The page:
By Patrick J. McKenna and Edwin B. Reeser
Efficiency in any firm, in and of itself, is not the competitive advantage. There is a big difference between being efficient and being effective. Far too many firms only seem to be investing in efficiency — at the expense of being effective.
Management thinker Peter Drucker addressed this topic decades ago in his book, “People and Performance”:
"Efficiency means focus on costs. But the optimizing approach should focus on effectiveness. Effectiveness focuses on opportunities to produce revenue, to create markets, and to change the economic characteristics of existing products and markets. It asks not, how do we do this or that better? It asks, which of the products really produce extraordinary economic results or are capable of producing them? Even the most efficient business cannot survive, let alone succeed, if it efficient in doing the wrong things, that is, if it lacks effectiveness. No amount of efficiency would have enabled the manufacturer of buggy whips to survive.”
Law firms are all too often focused on being efficient at doing the wrong things.
Are you being efficient or being effective, or do you even know?
Is your efficiency directed to the operation of the business and generating net revenue gains, or the consumption of your human resources for redistribution of a stagnant income pool, and thus hastening the demise of your firm? It isn’t enough to be efficient on the right things, it is critical not to be efficient at doing the wrong things.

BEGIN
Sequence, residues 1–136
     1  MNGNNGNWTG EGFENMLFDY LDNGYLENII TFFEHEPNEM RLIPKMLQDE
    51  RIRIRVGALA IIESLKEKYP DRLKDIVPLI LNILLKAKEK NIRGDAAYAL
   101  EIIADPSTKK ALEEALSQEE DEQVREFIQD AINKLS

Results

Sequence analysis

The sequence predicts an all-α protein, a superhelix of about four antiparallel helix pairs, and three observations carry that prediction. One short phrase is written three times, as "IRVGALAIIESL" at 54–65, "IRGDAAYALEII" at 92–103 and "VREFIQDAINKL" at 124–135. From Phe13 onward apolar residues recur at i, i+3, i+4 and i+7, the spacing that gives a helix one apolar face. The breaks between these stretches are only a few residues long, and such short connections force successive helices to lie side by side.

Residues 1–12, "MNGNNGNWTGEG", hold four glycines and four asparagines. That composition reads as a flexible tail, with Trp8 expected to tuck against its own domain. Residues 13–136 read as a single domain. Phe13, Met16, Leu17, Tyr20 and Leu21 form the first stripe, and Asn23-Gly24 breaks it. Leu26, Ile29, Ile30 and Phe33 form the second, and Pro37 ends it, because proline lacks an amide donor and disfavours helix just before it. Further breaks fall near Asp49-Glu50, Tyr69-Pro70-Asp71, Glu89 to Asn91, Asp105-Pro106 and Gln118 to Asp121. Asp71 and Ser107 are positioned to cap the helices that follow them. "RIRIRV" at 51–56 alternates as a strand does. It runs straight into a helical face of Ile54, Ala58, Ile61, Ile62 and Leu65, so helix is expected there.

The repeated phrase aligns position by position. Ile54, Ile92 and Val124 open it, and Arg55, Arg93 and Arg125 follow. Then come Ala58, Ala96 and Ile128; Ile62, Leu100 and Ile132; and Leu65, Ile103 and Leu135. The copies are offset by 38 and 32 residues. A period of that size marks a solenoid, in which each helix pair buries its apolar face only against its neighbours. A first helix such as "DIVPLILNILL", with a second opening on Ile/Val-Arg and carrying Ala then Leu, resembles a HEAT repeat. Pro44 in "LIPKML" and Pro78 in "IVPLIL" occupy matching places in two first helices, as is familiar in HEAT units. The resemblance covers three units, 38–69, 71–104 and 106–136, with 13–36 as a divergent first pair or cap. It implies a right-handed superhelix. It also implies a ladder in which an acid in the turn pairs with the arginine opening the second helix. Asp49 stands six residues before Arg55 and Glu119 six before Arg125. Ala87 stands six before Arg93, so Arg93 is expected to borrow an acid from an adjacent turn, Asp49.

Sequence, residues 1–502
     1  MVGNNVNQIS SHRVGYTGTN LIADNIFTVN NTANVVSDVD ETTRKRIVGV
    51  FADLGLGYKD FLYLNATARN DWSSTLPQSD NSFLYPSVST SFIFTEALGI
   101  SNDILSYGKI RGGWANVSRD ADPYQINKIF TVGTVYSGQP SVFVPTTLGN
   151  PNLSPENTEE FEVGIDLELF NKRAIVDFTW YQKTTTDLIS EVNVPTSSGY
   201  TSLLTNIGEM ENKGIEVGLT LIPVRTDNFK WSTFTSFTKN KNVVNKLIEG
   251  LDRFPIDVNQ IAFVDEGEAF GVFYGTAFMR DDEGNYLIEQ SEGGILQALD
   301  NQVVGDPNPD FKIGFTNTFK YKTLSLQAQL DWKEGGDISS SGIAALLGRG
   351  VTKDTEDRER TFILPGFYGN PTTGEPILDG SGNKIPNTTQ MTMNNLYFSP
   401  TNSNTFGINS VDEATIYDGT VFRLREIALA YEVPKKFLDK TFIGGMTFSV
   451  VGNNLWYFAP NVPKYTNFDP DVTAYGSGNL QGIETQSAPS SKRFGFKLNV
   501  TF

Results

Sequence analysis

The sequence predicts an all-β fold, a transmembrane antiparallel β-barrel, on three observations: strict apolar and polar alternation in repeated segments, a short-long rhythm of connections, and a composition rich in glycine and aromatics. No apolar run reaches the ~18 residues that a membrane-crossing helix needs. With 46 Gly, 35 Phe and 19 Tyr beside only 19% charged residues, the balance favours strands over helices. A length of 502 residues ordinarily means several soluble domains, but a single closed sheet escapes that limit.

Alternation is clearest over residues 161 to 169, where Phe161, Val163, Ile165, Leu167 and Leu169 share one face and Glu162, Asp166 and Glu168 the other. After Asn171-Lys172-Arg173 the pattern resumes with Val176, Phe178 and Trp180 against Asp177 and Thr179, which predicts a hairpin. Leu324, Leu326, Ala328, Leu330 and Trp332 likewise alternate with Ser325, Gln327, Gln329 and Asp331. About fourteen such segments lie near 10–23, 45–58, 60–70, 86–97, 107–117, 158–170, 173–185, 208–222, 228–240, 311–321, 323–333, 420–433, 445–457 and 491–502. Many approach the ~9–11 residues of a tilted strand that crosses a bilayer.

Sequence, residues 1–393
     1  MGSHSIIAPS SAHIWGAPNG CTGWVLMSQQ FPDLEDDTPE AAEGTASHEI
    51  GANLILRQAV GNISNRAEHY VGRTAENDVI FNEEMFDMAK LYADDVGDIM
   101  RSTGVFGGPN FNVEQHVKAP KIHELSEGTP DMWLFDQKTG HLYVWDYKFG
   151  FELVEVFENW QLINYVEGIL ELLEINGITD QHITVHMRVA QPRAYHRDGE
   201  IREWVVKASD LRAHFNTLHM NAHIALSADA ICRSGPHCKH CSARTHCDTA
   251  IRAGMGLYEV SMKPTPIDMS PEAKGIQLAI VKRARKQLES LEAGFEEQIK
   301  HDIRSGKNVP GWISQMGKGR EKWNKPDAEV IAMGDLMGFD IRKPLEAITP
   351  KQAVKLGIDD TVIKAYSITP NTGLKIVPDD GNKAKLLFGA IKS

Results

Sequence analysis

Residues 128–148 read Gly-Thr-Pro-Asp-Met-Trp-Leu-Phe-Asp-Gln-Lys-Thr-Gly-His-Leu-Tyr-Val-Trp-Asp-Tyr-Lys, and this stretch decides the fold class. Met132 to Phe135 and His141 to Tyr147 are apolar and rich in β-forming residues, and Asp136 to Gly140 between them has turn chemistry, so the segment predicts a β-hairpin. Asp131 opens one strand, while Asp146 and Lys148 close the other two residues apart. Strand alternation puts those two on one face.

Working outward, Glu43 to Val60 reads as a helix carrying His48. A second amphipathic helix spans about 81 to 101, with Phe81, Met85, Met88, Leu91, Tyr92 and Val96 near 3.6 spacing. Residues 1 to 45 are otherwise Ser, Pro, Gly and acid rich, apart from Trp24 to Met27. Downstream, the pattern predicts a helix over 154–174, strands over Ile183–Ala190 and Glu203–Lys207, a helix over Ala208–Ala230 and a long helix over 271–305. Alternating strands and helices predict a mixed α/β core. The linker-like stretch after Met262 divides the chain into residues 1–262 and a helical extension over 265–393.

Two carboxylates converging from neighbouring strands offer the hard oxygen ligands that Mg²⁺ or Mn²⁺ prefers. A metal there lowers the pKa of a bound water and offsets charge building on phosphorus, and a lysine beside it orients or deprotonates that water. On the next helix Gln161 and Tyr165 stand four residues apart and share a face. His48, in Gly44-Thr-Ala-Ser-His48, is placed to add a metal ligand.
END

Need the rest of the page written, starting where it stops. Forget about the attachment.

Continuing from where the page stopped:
As Drucker said, "Effectiveness is the foundation of success — efficiency is a minimum condition for survival after success has been achieved."
Things don’t always have to boil down to either/or types of decisions. Balancing entirely different things is one of the critical success factors for good leadership. With the proper perspective and focus on the right things to be doing it is quite possible to be both efficient and effective. The two concepts can co-exist so long as the focus remains on more than just short-term results.
Edwin Reeser & Patrick McKenna (Copyright Daily Journal Corporation 2013)